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English grammar and vocabulary: quick questions thread

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    (Original post by Ronove)
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    Very kind of you that you have improved my careless mistakes and shown me up more proper vocabularies/expressions. What would I do without you?
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    (Original post by xDave-)
    Elder is quite an archaic word anyway, I don't think I've ever called someone "my elder" or said "(s)he's the eldest". It was probably more likely to use that word in the past, in cults and such, where the wise elder had much respect and power within the group!
    It seems to be pretty commonly used by parents when they're talking about their children... 'My eldest is 12 years old now', stuff like that.
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    Can I ask a quick question? Doing an application form and not sure if it's:

    Rather than imposing an idea that they felt uncomfortable with

    or

    Rather than imposing an idea they felt uncomfortable with

    :erm:
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    (Original post by Slowbro93)
    Can I ask a quick question? Doing an application form and not sure if it's:

    Rather than imposing an idea that they felt uncomfortable with

    or

    Rather than imposing an idea they felt uncomfortable with

    :erm:
    I prefer the latter but grammatically the former but I'd say which instead of that

    Or

    Rather than imposing an idea with which they were uncomfortable...
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    (Original post by L'Evil Fish)
    I prefer the latter but grammatically the former but I'd say which instead of that

    Or

    Rather than imposing an idea with which they were uncomfortable...
    Thanks Yeah I prefer the sounds of the latter but was convinced the former was correct.
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    (Original post by Slowbro93)
    Thanks Yeah I prefer the sounds of the latter but was convinced the former was correct.
    Both work but the former is for formal writing. Dunno if you want to know - or even care - but it's a null (aka dropped) complementiser. It makes a reduced relative clause. Woo English.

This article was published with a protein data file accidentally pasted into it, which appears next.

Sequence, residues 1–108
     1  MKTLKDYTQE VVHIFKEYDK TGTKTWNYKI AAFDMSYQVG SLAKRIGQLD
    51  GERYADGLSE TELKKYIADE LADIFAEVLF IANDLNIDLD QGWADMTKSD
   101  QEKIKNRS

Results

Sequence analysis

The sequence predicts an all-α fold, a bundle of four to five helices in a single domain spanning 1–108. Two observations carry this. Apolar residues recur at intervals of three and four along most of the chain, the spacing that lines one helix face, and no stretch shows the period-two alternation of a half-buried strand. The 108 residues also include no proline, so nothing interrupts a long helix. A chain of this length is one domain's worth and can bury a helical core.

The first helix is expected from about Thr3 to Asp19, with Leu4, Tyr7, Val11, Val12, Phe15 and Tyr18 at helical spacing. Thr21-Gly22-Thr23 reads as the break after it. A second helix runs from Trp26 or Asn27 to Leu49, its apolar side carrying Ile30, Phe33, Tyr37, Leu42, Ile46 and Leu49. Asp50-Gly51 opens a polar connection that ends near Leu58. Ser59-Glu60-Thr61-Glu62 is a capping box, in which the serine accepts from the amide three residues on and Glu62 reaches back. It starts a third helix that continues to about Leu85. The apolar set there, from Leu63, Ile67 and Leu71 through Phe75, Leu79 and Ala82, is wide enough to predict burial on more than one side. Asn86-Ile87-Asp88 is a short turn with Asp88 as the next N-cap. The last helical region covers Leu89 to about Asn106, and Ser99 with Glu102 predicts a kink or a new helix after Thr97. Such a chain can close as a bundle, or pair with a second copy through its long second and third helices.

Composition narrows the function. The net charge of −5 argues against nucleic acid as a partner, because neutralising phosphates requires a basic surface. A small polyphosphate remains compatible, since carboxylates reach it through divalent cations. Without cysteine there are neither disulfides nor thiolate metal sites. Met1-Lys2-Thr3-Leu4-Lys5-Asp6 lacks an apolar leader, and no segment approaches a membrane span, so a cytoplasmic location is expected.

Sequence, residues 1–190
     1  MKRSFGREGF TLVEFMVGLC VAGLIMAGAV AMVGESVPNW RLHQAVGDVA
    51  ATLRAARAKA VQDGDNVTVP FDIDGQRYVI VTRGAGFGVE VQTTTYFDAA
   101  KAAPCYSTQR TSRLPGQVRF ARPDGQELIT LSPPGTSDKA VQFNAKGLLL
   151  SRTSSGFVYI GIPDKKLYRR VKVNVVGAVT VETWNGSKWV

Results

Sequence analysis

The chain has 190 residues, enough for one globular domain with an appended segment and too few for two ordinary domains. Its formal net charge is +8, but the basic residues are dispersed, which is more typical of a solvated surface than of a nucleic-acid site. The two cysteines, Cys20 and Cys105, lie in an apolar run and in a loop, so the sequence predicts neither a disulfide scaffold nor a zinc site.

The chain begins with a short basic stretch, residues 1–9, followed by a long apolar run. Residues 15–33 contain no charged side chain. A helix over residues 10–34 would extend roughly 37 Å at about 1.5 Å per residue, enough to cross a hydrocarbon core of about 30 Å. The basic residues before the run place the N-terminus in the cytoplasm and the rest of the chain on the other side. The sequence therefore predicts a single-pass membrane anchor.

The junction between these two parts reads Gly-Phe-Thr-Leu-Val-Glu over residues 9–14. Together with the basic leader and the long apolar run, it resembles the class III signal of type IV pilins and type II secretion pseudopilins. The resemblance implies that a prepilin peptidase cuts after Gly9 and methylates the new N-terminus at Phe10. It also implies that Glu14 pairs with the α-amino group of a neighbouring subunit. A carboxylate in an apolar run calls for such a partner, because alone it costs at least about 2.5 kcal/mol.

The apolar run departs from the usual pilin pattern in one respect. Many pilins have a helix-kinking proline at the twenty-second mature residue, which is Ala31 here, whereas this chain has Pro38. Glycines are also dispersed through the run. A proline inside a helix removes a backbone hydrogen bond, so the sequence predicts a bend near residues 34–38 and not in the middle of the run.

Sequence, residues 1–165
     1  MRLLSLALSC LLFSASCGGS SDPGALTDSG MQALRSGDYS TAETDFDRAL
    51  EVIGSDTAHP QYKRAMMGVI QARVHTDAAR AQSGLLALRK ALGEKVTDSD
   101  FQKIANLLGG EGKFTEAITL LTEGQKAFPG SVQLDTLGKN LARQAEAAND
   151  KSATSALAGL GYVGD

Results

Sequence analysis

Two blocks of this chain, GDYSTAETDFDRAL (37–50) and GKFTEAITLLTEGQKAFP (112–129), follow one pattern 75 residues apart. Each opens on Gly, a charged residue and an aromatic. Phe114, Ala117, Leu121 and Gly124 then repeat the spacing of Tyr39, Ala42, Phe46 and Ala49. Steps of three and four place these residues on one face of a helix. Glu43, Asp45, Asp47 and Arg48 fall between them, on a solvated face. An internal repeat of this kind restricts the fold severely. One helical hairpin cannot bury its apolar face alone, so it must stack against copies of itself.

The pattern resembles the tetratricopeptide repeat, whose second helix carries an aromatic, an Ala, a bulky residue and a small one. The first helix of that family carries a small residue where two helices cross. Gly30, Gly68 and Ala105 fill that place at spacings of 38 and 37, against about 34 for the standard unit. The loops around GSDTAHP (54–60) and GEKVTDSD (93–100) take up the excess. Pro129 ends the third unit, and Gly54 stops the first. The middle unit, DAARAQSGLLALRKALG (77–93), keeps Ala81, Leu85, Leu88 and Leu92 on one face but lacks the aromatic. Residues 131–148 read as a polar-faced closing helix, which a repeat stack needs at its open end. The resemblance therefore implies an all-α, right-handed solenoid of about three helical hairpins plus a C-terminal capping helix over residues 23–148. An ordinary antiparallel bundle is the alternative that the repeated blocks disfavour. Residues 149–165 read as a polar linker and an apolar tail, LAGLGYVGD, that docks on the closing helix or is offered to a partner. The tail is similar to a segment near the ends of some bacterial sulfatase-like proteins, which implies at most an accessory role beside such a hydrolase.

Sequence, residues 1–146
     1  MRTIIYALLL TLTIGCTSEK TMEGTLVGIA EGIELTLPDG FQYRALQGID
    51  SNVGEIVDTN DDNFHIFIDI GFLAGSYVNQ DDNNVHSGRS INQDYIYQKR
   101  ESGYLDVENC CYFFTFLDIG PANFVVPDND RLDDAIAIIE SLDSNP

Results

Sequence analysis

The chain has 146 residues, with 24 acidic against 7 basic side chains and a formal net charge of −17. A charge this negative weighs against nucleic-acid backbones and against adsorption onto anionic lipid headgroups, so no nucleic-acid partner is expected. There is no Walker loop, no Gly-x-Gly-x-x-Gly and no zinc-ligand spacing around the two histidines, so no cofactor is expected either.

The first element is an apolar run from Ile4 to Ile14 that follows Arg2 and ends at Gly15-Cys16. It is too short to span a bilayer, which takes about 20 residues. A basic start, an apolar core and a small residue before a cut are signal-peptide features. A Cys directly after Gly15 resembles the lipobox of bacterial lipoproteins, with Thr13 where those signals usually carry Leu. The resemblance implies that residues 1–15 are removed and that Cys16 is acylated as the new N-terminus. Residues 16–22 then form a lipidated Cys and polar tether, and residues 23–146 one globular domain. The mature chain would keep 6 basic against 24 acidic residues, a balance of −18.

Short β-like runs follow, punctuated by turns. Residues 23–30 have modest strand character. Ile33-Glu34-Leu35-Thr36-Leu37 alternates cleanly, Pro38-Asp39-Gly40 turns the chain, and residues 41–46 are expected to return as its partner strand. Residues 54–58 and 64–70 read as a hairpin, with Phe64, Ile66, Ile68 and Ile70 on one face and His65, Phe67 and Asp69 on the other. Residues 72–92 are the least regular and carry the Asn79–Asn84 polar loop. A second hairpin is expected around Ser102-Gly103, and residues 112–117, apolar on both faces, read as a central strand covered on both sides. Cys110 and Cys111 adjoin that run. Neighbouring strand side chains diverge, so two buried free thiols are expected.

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    I would use full stops to break the sentences up. Try not to have more than 10 words in a sentence. Complex sentences/paragraphs without commas or full stops will confuse your reader so although you might know what you mean they won't necessarily. Sorry all - just realised I was repling to a question posted in 2008 (DUH!!). The thing about 10/12 words per sentence is still relevant though.
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    Which sentence is correct and why?

    1. I worked in an office for a week's experience.

    2. I worked in an office for a weeks experience.

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    (Original post by Undisclosed 15)
    Which sentence is correct and why?

    1. I worked in an office for a week's experience.

    2. I worked in an office for a weeks experience.

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    Say

    I worked in an office for a week's worth of experience.
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    What is the right usage of the concept here?


    1.) There is going to be fights.


    2.) There are going to be fights.
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    (Original post by L'Evil Fish)
    Say

    I worked in an office for a week's worth of experience.
    I am not writing the sentence. It is on a letter but uses my name instead of 'I' and I want to see if the letter has a gramatical error or not.

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    (Original post by alifleih)
    What is the right usage of the concept here?


    1.) There is going to be fights.


    2.) There are going to be fights.
    2 is correct

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    (Original post by Undisclosed 15)
    2 is correct

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    It is present continuous. So should not is agree with going​?
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    (Original post by alifleih)
    It is present continuous. So should not is agree with going​?
    'There are going to be fights' - plural

    'There is going to be a fight' - singular
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    Hey guys. How would you use "delusions of grandeur" in a sentence?

    You have delusions of grandeur.
    Joe has delusions of grandeur.

    Would the above be correct?
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    (Original post by loloway)
    Hey guys. How would you use "delusions of grandeur" in a sentence?

    You have delusions of grandeur.
    Joe has delusions of grandeur.

    Would the above be correct?
    Both are correct.
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    Can anyone tell me whehter it makes difference when I use the verb to try instead of to attempt and the noun try instead of attempt? is it no matter which of them I use?
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    I would appreciate a nice rule governing the usage of "need to be" and "needs to be"

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